Forward simulations: in the current version of the program, the time-forward simulations to generate the trajectory of the selected allele assume selection at a single locus with two alleles A and a. Individuals can be haploid or diploid. For diploids, the fitness values for the three genotypes in deme i are 1+saai, 1+saAi and 1+sAAi, respectively. Selection can differ among demes. Migration from deme j to deme i is defined as the proportion mij of deme i that is made up of migrants from deme j. We let mii = 1−∑j mij, which is the proportion of non-migrants in deme i. Let Ni and ni be the population size and the number of A copies in deme i, respectively, and xi = ni/(2Ni) its frequency. The simulator allows for recurrent mutation at the selected site with rates μ from a → A and ν from A → a. All model parameters (for mutation, selection and migration) can change with time in a step-wise fashion. The simulator further allows for changes in population size and in the number of demes (splits and mergers) in analogy to ms.
Consider a single deme i with proportion xi of the A allele. Selection, mutation and migration occur according to the deterministic recurrence equation
Drift is included by binomial sampling of the infinite population. The number ni′ of A copies in the next generation is given by
Simulation runs start with an arbitrary starting frequency x(0) and continue until some stopping condition (e.g. loss or fixation of the A allele) is met.
Coalescent simulations: simulations with recombination according to the ancestral recombination graph (ARG) are carried out conditional on the frequency of the A allele in all demes. In the time before the first origin of A, and after its fixation in all demes (if applicable), the ARG is the standard neutral one (in a structured population). During the selection phase, events of different types (coalescence, mutation at the selected locus, migration and recombination) occur according to a competing Poisson process scheme with rates that depend on the stochastic trajectory of the selected allele. For example, coalescence in the A and a background in deme i occurs at rates proportional to 1/xi(t) and 1/(1−xi(t)), respectively, and migration of the selected allele from j to i (forward in time) at a rate proportional to xj(t)/xi(t). Rates for other events and all details are given in the documentation (Supplementary Material).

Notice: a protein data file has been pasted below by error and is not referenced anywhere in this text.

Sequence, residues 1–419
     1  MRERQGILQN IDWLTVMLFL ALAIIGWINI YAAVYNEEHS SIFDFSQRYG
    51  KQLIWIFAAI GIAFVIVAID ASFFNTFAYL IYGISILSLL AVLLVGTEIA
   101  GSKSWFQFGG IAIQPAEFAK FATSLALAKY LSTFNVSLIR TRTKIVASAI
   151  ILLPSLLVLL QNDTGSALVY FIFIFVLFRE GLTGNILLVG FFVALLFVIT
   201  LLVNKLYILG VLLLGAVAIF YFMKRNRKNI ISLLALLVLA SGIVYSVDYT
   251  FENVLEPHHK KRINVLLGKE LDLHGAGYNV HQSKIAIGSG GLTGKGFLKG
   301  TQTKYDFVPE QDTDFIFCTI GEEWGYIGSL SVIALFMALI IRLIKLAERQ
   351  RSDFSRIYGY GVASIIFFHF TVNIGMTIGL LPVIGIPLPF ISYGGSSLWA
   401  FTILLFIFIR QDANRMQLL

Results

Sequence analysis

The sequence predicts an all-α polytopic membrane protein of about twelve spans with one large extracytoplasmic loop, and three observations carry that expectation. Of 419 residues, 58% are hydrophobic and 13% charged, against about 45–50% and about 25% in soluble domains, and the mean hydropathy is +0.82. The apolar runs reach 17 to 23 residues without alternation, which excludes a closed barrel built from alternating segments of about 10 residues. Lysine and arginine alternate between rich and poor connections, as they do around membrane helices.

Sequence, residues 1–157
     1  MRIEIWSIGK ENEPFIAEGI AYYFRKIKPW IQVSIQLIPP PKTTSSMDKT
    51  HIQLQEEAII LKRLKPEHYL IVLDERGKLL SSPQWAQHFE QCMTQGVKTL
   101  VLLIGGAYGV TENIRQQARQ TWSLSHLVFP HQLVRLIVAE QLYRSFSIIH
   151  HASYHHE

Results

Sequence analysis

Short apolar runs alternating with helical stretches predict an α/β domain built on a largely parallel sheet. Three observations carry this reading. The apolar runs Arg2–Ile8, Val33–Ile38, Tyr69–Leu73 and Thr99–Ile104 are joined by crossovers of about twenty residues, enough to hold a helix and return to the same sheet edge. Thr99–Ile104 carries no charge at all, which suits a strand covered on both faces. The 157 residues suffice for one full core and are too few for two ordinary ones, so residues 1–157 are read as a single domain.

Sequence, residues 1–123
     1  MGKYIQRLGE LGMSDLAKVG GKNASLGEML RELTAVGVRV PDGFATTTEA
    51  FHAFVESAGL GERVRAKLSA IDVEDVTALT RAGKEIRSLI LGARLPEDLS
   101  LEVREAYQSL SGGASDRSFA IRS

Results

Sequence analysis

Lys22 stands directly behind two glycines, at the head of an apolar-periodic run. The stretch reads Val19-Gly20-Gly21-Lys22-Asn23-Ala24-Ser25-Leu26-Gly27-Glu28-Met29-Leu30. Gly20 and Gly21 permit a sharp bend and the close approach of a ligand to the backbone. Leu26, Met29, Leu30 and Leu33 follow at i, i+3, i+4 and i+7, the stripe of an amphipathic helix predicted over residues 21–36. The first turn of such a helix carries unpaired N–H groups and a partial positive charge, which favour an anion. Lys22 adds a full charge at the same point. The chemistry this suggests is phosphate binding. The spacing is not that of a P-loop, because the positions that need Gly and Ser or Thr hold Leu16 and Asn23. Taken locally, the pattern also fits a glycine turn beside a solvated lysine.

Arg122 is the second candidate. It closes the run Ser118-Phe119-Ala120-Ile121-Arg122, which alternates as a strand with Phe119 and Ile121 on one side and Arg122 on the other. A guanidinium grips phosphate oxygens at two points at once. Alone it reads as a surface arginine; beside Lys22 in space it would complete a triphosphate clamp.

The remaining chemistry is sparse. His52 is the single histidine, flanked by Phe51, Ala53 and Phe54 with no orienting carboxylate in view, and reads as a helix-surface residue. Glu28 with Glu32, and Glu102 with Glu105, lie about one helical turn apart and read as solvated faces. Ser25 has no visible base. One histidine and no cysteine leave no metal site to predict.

The coalescent simulations assume continuous time and events are not linked to discrete generation steps. For high recombination and migration rates, and for low frequencies of the A allele, the time between consecutive events can get smaller than a generation time. To reconcile this with the discrete time-forward simulations, the trajectory of the A allele is treated as a piecewise constant function with (potential) jumps after every generation.
Validation: the simulation program was validated using ms for complex neutral genealogies and for selection in a panmictic population using the simulator by (Pennings and Hermisson, 2006a), which builds on (Kim and Stephan, 2002). No significant deviations were found when comparing marginal allele frequency spectra or the distribution of Tajima's D statistic with a χ2 or Kolmogrorov–Smirnov test. Appropriate analytical results have also been checked and matched.
To illustrate the capabilities of the program and its performance, we use the model for human demography with parameters inferred in (Gutenkunst et al., 2009). Example parameters and the program command line for this example are included in the manual. Figure 1 shows pairwise spectra for Europeans and Asians under neutrality and with selection only in the European population. The initial frequency of the beneficial allele is zero, adaptation occurs from recurrent mutation at the selected locus. The run times for 10 000 replicates were 142 s and 156 s for the neutral and the selected case, respectively (using a single core of a 2.2 GHz quad core AMD Opteron processor). Thus, considering selection does not adversely degrade running times permitting a wide range of applications.
We thank Peter Pfaffelhuber, Cornelia Borck, Ines Hellmann, Pleuni Pennings and Pavlos Pavlidis for discussions and β-testing the program, and Jayne Ewing for support and proof reading. We thank CIBIV for the use of the computer cluster and other infrastructure support.
Funding: Deutsche Forschungsgemeinschaft (DFG); the Vienna Science and Technology Fund (WWTF).
Conflict of Interest: none declared.